Taliban Says It Will Attend Afghan Peace Talks in Russia


Taliban Says It Will Attend Afghan Peace Talks in RussiaAfghanistan’s Taliban insurgents confirmed on Wednesday that they would send emissaries next month to peace talks in Russia, a diplomatic twist in repeated efforts to settle the 17-year-old war.

The Taliban’s acceptance of an invitation by Russia to the Sept. 4 talks planned in Moscow was a reversal for the group, and came after the government of Afghanistan and its main supporter, the United States, declined invitations to attend.

In a message to The New York Times bureau in Kabul, the Taliban said through a spokesman that the chief of its political office in Qatar would lead a delegation to the Moscow talks.

How such talks would proceed without all parties present is unclear. But the outreach by Russia has threatened to disrupt diplomacy undertaken by Afghan and American officials.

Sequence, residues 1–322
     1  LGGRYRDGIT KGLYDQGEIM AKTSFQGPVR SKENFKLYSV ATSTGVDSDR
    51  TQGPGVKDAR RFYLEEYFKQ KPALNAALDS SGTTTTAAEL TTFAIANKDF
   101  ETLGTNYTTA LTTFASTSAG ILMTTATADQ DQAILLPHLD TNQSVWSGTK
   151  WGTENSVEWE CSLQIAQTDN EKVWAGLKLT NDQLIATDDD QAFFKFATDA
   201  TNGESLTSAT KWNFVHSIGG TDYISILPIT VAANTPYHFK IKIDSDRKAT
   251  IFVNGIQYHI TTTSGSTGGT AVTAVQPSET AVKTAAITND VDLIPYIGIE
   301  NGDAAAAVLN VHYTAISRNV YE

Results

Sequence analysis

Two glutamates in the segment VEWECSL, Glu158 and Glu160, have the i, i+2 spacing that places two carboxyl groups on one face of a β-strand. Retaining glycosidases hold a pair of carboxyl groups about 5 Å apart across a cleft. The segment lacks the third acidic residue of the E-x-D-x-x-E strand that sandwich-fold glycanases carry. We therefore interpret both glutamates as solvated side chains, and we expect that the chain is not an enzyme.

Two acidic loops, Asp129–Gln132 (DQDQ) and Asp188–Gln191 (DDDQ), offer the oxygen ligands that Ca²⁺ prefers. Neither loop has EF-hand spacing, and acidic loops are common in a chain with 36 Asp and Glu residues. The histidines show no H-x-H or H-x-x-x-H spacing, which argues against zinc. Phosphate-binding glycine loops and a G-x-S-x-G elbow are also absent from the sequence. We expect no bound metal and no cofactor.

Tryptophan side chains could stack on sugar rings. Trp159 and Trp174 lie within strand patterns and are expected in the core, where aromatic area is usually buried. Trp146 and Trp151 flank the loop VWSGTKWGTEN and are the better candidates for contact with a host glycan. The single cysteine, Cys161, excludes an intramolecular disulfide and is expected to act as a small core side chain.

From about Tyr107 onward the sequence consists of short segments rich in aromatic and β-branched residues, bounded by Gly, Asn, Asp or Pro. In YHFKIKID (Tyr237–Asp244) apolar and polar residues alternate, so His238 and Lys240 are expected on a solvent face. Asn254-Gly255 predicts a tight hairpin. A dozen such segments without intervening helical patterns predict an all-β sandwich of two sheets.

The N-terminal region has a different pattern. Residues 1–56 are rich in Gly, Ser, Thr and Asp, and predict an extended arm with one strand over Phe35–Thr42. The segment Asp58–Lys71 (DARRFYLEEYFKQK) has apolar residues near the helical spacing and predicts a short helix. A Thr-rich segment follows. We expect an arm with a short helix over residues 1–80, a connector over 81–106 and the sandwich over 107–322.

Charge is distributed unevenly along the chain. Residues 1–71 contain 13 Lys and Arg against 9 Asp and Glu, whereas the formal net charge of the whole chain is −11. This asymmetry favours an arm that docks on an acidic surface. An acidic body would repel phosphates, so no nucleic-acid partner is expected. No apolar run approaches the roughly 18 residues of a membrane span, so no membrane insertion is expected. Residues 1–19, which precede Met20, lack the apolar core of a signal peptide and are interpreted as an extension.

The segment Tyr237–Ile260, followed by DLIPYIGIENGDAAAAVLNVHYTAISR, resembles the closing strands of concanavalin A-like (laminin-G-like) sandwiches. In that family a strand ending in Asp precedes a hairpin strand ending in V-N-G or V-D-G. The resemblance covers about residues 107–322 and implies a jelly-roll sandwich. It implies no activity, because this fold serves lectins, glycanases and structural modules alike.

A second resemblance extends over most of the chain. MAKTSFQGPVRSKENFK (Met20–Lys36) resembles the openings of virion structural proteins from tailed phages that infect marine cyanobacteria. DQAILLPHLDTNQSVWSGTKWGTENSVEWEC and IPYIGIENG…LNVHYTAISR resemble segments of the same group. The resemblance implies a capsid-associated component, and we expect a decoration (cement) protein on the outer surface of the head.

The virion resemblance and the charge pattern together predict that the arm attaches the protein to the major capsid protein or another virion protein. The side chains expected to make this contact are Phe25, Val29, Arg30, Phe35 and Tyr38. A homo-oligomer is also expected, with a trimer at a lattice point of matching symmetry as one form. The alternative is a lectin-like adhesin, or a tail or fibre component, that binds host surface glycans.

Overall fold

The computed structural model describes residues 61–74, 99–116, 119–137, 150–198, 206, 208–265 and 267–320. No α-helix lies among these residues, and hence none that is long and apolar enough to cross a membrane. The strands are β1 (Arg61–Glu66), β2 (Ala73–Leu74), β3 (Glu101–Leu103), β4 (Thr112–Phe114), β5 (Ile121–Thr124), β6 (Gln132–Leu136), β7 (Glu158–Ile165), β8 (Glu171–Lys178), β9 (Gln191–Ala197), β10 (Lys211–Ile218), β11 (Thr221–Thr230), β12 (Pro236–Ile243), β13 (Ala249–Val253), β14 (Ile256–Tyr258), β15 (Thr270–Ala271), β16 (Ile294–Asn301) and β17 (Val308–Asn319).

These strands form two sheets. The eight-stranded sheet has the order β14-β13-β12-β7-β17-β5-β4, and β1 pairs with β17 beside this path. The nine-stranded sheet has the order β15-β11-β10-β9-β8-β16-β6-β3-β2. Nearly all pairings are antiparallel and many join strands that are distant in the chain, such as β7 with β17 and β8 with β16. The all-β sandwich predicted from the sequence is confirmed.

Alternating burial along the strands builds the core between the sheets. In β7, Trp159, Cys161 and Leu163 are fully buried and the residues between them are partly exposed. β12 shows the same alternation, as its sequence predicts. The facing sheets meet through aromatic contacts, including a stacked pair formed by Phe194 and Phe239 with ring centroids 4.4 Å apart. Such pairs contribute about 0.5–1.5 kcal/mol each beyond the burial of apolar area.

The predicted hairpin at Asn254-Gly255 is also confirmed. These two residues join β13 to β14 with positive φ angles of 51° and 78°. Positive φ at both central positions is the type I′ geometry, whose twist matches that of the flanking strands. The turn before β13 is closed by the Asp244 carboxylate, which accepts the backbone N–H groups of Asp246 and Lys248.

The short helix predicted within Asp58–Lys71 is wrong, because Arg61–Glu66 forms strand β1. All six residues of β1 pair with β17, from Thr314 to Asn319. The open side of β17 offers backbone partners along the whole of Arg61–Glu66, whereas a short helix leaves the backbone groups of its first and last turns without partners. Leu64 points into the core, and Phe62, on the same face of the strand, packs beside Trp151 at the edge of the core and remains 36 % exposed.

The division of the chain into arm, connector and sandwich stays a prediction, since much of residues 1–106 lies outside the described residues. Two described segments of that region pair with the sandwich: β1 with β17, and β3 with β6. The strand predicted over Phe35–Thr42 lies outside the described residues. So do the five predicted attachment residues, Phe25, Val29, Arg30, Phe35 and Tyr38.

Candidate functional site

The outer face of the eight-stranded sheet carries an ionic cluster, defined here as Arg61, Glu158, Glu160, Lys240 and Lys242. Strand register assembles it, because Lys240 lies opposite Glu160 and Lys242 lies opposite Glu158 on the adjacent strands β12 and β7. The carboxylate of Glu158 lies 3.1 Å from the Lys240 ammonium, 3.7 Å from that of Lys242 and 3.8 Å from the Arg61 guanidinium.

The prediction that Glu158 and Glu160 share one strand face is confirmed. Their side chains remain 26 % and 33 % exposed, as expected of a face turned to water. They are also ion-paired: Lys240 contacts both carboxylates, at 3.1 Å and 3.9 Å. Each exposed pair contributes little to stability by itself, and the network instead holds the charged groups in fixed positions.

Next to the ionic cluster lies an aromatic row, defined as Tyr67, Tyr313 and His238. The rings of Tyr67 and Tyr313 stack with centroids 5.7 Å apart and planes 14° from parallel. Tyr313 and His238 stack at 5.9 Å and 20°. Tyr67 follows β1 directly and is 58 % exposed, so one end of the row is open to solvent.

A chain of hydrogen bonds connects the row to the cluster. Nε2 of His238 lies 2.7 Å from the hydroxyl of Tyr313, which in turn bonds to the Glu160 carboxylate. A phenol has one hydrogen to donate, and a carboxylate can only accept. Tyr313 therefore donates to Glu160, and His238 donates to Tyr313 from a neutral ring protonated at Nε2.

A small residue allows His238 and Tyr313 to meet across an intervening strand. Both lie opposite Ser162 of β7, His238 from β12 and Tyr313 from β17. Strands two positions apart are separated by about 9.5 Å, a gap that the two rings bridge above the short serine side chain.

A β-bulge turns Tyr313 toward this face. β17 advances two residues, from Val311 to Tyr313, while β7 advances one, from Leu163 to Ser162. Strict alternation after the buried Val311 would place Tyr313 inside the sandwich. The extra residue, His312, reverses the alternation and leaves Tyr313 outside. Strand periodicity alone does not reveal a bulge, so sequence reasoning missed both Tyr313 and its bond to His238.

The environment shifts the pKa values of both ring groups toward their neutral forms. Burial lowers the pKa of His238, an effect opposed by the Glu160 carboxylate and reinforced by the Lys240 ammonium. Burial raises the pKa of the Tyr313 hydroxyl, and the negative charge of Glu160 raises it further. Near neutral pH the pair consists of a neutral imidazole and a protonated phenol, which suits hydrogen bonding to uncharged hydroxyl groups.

For months, those officials have been pushing to persuade the Taliban to engage in negotiations in hopes of ending the conflict. Taliban leaders, who have refused to recognize the legitimacy of the Afghanistan government, have said they would only negotiate with the Americans first.

American diplomats met with Taliban representatives recently in Qatar in hopes of changing its precondition for talks.

The Taliban’s acceptance of the Russian invitation came more than a year after it rejected a similar entreaty from the Kremlin.

The American military has claimed that Russia has worked surreptitiously with the Taliban. In a March interview with the BBC, the American commander, Gen. John W. Nicholson, accused the Russians of “destabilizing activity” by supplying arms and equipment to Taliban fighters. The Russians responded by accusing the United States of responsibility for the protracted crisis in Afghanistan.

Russia and the Taliban are not obvious allies and have many reasons to distrust each other. The Soviet Union invaded Afghanistan and occupied it for 10 years before withdrawing, humiliated by mujahedeen fighters backed by the United States.

Many of those fighters joined the Taliban, which later gained control of the entire country until the American-led invasion in 2001 evicted them from power.

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